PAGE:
Why SESTA Matters To All of Us

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Stop Enabling Sex Traffickers Act (SESTA) sounds like something we should all support, right? Not really. It only sounds good on its face, but if passed it could cause problems for anyone and everyone who uses the internet and ultimately may silence the very voices it claims to protect. This is why we all need to understand it and make sure our members of congress are aware of our views on the bill.


Current Law


  • Communications and Decency Act (CDA) encourages websites, or platforms, to report cases of possible trafficking to law enforcement.

  • Protects websites from civil litigation under Section 230 which states, in part, “No provider or user of an interactive computer service shall be treated as the publisher or speaker of any information provided by another information content provider” (47 U.S.C., 230(c)(1)).

  • Section 230 protects free speech online, encourages sharing of ideas and information which is critical to internet growth and our democracy.

  • Section 230 does not provide immunity for platforms in federal prosecutions that the platform knowingly advertised sex trafficking or that they financially benefiting from such ads.

  • Courts have allowed civil claims to made against platforms that have had a direct hand in the harmful content.  



What SESTA Intends To Do 


  • Make it harder for sex traffickers to advertise on various internet platforms (Facebook, Twitter, YouTube).

  • Make it possible for states to prosecute internet platforms for content their users create on the platform.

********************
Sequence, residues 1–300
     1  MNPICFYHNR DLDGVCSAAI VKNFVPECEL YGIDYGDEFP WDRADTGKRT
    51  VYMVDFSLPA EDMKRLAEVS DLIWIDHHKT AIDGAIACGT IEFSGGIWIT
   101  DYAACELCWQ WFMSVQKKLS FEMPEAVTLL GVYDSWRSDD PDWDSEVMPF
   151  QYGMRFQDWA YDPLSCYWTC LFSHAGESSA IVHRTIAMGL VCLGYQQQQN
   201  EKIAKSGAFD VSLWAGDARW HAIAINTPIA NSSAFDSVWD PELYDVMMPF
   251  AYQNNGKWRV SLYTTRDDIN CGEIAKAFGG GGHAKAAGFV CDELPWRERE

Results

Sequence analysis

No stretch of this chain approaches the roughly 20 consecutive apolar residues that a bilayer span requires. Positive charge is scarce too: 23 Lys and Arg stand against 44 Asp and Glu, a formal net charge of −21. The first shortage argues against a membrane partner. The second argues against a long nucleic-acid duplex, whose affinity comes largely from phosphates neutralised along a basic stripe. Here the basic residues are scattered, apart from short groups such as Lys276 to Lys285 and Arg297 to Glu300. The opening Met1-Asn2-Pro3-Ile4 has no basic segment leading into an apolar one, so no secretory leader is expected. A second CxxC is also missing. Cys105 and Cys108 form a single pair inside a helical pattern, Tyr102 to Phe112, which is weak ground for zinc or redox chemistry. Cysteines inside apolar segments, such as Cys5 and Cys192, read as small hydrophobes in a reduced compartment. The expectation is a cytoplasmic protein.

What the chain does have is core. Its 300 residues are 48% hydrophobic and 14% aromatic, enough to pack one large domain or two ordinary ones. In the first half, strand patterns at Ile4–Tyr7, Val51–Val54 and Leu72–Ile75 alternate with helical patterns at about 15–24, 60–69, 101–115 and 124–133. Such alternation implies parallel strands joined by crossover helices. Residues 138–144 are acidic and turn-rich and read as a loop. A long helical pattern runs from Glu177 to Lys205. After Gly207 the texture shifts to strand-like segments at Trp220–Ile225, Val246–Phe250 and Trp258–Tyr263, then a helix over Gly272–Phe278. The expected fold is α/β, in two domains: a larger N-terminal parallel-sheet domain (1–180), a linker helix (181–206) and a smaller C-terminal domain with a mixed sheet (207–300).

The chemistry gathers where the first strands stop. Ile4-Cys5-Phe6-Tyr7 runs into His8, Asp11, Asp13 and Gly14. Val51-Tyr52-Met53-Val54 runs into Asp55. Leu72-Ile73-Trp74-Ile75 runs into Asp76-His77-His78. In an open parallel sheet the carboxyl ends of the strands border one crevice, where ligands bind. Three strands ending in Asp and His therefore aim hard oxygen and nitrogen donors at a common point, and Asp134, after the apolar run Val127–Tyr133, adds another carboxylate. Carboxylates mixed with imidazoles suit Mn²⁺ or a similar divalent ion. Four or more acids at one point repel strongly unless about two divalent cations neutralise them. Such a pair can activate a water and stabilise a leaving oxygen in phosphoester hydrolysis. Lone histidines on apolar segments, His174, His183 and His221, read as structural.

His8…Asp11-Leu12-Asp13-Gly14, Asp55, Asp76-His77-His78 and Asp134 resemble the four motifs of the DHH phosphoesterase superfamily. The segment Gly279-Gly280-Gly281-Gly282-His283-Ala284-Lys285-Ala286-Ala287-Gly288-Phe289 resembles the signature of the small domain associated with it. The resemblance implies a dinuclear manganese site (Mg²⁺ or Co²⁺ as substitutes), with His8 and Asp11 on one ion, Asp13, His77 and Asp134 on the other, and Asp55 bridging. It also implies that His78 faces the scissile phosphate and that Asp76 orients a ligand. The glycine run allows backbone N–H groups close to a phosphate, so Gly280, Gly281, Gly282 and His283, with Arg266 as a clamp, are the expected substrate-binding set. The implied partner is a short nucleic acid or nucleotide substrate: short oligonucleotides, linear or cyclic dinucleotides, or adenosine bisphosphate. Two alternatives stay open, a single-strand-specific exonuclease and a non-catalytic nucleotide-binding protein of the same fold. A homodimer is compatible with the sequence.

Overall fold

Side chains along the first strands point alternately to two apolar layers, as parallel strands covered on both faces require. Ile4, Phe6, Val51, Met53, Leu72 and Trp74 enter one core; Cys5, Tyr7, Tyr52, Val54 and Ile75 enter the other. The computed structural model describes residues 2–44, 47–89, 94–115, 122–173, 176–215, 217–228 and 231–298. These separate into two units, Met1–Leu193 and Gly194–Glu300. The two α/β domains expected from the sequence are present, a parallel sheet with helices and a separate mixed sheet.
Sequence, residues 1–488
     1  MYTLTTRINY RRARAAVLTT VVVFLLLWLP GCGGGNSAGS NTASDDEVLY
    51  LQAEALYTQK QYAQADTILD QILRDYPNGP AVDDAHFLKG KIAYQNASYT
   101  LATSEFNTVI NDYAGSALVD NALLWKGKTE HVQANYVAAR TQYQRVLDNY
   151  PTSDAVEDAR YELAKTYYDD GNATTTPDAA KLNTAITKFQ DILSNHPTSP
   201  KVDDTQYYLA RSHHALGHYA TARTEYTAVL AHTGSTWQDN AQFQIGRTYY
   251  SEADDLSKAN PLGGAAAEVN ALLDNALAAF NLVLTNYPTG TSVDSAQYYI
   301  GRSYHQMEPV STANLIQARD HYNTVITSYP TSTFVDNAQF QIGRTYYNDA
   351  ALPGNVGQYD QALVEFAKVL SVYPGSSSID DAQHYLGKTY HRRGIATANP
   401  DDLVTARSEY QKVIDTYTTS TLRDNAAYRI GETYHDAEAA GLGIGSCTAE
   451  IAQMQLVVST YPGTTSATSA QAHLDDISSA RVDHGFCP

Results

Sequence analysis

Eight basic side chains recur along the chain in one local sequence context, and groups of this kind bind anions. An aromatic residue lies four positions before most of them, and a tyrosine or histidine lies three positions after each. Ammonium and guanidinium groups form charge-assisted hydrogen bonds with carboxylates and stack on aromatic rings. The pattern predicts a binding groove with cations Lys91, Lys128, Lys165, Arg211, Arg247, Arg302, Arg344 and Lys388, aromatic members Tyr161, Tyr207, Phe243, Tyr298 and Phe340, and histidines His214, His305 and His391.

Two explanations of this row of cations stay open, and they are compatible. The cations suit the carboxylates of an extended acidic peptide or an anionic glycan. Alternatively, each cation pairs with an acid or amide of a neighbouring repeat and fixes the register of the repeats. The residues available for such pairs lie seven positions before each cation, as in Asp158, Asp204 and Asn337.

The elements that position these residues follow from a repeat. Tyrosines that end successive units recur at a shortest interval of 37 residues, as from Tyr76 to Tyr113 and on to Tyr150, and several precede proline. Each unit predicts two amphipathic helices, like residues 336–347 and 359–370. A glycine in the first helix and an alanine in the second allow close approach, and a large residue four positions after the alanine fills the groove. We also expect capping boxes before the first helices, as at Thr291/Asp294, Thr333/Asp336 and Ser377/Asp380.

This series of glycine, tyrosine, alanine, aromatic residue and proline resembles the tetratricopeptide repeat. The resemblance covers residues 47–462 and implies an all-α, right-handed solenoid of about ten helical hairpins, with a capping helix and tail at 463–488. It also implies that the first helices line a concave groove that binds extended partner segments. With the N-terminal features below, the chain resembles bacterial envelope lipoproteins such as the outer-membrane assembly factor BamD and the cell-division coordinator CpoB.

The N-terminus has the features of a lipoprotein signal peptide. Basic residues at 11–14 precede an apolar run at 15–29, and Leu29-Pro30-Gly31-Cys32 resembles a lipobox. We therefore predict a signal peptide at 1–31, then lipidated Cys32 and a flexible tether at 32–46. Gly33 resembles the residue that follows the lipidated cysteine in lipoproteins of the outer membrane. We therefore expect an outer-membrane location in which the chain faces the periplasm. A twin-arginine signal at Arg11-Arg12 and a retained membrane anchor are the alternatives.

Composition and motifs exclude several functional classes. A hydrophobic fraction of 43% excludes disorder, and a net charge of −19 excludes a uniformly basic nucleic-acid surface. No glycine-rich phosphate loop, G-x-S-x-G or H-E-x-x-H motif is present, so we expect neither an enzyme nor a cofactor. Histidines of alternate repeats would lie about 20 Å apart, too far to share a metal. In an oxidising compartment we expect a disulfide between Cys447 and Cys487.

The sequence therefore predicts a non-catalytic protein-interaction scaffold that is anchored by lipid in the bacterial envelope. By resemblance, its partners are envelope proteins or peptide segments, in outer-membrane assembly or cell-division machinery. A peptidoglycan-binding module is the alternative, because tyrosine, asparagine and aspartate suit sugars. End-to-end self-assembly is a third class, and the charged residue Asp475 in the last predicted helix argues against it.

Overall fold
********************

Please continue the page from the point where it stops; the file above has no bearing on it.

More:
• States will be able to make their own laws concerning platform content and liability making it difficult for platforms and users to function under differing laws from 50 different states.   



Why SESTA is Dangerous  


  • Focuses on internet platforms and free speech online rather than individuals responsible for sex trafficking.

  • Makes the current federal law for prosecuting sex traffickers more vague, allowing juries and courts to not prove that the platform knew that sex trafficking existed on their platform but that the platform should have known.

  • Would open the door for platforms to engage in private censorship out of fear of potential litigation which ultimately limits the user's freedom of speech.

  • Will silence the victims of online sex traffickers by limiting the online resources they use to reach out for help.

  • Will force victims into street-based trafficking which is more dangerous to the victim than online trafficking.

  • Will discourage the platforms from reporting cases of possible trafficking for fear of criminal or civil prosecution.


If SESTA passed it will impact every single user of the internet. Indivisible Rapid City, Queer South Dakota, a member of both Indivisible Rapid City and National Organization of Women, South Dakota Chapter, and a representative of Electronic Frontier Foundation visited with Mark, field director at Senator Thune's office yesterday. Senator Thune is the chairman of the Senate Committee of Commerce, Science and Transportation which is currently reviewing SESTA. Mark advised us that Senator Thune is not in support of the bill in its current form. 


Now is the time to let Senator Thune know how you feel about this bill. You can do this by contacting any of his offices, sending a message using resist-bot, e-mailing him, or signing this online petition 



Additional information can be found in the resources listed below.  









































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